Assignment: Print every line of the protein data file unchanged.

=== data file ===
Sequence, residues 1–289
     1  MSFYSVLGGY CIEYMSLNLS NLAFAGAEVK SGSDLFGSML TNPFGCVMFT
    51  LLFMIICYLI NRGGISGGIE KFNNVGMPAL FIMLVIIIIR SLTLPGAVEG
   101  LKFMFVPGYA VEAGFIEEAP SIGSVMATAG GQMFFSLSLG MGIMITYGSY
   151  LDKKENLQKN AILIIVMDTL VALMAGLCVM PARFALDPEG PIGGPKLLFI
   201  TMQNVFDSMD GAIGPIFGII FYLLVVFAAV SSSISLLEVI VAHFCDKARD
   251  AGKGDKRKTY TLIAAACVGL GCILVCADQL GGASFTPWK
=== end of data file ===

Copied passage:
Sequence, residues 1–289
     1  MSFYSVLGGY CIEYMSLNLS NLAFAGAEVK SGSDLFGSML TNPFGCVMFT
    51  LLFMIICYLI NRGGISGGIE KFNNVGMPAL FIMLVIIIIR SLTLPGAVEG
   101  LKFMFVPGYA VEAGFIEEAP SIGSVMATAG GQMFFSLSLG MGIMITYGSY
   151  LDKKENLQKN AILIIVMDTL VALMAGLCVM PARFALDPEG PIGGPKLLFI
   201  TMQNVFDSMD GAIGPIFGII FYLLVVFAAV SSSISLLEVI VAHFCDKARD
   251  AGKGDKRKTY TLIAAACVGL GCILVCADQL GGASFTPWK